Publishing success: Plenty of pie for everyone

There’s plenty of pie. No need to be a jerk about it.

R.J. Ellory is a British author of crime thrillers. He’s written ten novels that have sold a combined million copies, which qualifies as a major success. He’s won any number of awards, large and small, in his genre.

He also created multiple fake accounts so he could give his own books five-star reviews on Amazon.com. That, of course, would constitute a major lapse of ethical judgment. The fact that he also went on to give other crime writers one-star reviews on the same site is absolutely unforgivable.

I have a background in business journalism, and I’ve learned a lot about publishing over the last year and a half. One of my biggest takeaways is this:

Authors don’t have “rivals.”

General Motors has rivals. Microsoft has rivals. NBC has rivals. They each have products that they bring to market that rival products made by other companies. People only need one or two cars at any given time. They only need one operating system or word processing program per computer (mostly). They can generally watch only one show at a time, and even with DVR and streaming, only have enough time to consume a handful of shows regularly.

So does that mean authors are in direct competition with each other for readers? Is my debut novel next year going to tank if it comes out the same week as Jonathan Frazen‘s next book? John Scalzi is going to release digital “episodes” of his next novel over the course of months, then put out a combined print version. How many writers does that man want to sabotage?!

As my agent Sara Megibow likes to point out over on Twitter, publishing success is a very big pie. And the more success that’s generated, the more pie is made. Take a look at the Harry Potter phenomenon for the past 15 years or so. Did the fact that Harry Potter was a worldwide hit somehow keep other books from selling at all? Of course not. In fact, J.K. Rowling brought millions more readers into the mix, and when they were done with her series, they looked for other books. Her success helped the entire industry.

So what was Ellory thinking when he slammed other writers’ work? I have no idea. Personally, I want authors in my genre to succeed, and succeed wildly. More people reading fantasy and science fiction means there are more people casting about for something new in the genre, and that means more people might opt to give my book (coming May 7!) a try. And in turn, if people judge my book on its merits and find it worth their time and money, I hope they’d then look into other authors in my genre. Thus, the virtuous loop continues.

Yes, the average consumer has only so much money for book purchases, and it’s tempting to fall into the trap of believing that buying one author’s book is one less royalty for someone else. But the barrier to entry for book purchases has fallen considerably thanks to e-books, and again, it’s not like a fan of sci-fi is going to be sated after reading just one book. I also recognize it can be easy for debut and even mid-list authors to get lost in the shuffle, but that just means we as writers need to put in the hard work to write good books and promote them — ethically! — as best we can.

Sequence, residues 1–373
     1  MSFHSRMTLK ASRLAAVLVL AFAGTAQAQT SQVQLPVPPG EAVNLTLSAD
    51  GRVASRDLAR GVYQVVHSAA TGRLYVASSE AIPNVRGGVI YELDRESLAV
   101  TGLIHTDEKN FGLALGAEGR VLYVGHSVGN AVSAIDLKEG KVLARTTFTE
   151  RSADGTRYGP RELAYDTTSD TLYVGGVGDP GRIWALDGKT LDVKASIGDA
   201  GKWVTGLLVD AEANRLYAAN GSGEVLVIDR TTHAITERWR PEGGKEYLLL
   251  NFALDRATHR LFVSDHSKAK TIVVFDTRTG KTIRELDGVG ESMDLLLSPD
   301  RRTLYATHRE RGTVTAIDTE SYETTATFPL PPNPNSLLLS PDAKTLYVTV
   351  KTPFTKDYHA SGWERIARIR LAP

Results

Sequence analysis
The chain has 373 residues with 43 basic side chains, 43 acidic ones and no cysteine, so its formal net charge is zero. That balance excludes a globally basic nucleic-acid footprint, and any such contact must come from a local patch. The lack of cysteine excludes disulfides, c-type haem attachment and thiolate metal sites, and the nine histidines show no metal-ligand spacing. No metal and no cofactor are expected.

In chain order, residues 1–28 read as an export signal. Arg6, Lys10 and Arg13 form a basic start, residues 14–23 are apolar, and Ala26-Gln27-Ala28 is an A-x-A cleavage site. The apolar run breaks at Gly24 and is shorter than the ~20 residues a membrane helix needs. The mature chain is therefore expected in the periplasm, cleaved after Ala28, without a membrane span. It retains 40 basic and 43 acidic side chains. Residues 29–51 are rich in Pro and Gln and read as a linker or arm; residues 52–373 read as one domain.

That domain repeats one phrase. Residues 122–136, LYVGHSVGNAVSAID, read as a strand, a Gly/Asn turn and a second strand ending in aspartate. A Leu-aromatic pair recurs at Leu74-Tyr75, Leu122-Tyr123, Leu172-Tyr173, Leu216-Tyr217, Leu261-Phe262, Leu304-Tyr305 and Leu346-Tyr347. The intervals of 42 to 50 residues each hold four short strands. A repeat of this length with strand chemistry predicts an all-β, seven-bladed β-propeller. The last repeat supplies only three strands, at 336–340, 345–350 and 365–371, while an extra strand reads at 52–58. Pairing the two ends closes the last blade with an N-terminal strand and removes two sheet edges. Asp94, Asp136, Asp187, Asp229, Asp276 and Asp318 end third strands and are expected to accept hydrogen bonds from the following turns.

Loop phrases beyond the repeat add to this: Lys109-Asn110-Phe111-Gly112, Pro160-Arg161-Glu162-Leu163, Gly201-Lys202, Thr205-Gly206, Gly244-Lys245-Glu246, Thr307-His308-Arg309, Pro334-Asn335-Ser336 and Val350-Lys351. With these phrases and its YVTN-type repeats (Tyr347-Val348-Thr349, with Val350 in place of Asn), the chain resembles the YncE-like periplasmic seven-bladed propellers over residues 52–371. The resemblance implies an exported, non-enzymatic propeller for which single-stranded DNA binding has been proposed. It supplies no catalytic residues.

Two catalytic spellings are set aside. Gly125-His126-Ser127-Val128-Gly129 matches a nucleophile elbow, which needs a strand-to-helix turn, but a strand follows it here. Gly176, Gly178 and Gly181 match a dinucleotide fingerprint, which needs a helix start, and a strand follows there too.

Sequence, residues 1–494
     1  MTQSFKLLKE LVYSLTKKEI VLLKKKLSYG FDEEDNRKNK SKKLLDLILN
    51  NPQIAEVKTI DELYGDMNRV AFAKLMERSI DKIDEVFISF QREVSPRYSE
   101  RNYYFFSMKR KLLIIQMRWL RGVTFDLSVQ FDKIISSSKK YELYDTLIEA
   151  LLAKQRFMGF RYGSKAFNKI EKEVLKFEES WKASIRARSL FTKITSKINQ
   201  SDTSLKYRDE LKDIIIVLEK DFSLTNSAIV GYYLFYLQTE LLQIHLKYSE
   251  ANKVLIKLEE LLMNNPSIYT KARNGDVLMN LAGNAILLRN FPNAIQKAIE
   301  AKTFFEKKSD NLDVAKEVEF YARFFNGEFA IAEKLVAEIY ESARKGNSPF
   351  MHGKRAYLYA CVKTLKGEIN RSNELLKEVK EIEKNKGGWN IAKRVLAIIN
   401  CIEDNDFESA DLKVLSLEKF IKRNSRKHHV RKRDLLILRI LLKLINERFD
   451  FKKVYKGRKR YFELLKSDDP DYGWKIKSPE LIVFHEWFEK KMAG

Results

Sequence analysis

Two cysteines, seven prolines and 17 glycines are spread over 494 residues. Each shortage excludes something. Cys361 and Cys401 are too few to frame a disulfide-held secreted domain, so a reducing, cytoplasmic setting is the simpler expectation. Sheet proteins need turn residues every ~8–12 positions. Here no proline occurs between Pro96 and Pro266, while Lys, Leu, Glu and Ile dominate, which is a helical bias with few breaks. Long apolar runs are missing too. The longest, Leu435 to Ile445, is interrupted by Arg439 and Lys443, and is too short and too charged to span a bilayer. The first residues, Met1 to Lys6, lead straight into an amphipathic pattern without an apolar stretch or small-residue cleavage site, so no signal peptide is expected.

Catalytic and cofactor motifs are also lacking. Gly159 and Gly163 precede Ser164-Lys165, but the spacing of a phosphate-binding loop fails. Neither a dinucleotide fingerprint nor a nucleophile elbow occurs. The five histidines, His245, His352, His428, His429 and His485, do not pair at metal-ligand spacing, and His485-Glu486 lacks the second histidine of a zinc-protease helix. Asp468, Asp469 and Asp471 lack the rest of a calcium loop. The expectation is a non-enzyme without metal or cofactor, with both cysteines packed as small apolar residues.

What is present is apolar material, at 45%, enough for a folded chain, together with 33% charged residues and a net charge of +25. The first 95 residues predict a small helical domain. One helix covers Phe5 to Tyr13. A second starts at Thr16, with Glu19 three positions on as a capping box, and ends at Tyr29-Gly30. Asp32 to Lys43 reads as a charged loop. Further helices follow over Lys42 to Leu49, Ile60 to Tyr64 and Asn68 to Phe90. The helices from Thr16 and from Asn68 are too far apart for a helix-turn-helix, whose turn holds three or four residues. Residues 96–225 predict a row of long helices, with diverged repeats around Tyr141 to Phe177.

So long as there’s a system of rating, at Amazon or elsewhere, there will be people inclined to rate a book as low as possible. In some cases, people will have read and genuinely disliked the book in question to the point where they believe it to be a one-star work. Others — likely the majority of one-star reviewers — are simply jerks who like to mess with authors’ livelihoods and readers’ purchases because they can. And a few, like Mr. Ellory, intend genuine harm with bogus reviews against so-called rivals.

We cannot, sadly, create a system that is jerk-free because, in the end, there will always be jerks. My message is this: don’t be that jerk.

If you review books, review them honestly. If you’re a writer, celebrate other writers’ successes and give them their props. If you do both, all I can say is that you really need to be fair and understanding in your reviews. Personally, I’m more than happy to give a shout-out to books I like. If I don’t like it, I’ll probably keep that opinion to myself unless asked directly.

Also, writers, don’t let one-star reviews bother you. There was the brouhaha about the Goodreads bullies, where some authors who received one-star reviews from a few jerks (and some honest reviewers as well) responded by becoming jerks in their own right. Rise above, people. Turn the other cheek, walk away, don’t engage it. Focus your energies on the work, not on engaging in debates or retaliation.

OK, so Hemingway and Faulkner didn’t like each other, and Mario Vargas Llosa once punched Gabriel Garcia Marquez in the face. They may have been rivals in a personal sense. But they all managed to sell a few books. You can too, and you don’t need to punch anyone or diss them online. The authors I’ve interacted with thus far are uniformly welcoming and supportive, and I’m grateful for it. I try to return the favor whenever I can. It’s a big, growing pie, and we can all have some.

Dang. Now I want pie.

2 Comments

Filed under Books, Writing

2 responses to “Publishing success: Plenty of pie for everyone

  1. Authors don’t have “rivals.”

    This! You make a fantastic point in this post — the best way to encourage people to read is by having lots of awesome books out there, and if people aren’t being encouraged to read, then chances are your books won’t do that well either! (And in any case, I somehow doubt I would want readers who would read just one decent book and then simply stop.)

    Also, that is a pretty fantastic picture of pie. 😉

  2. Excellent post, Mike. I totally agree. Its sad and counterproductive for writers to bash other writers.

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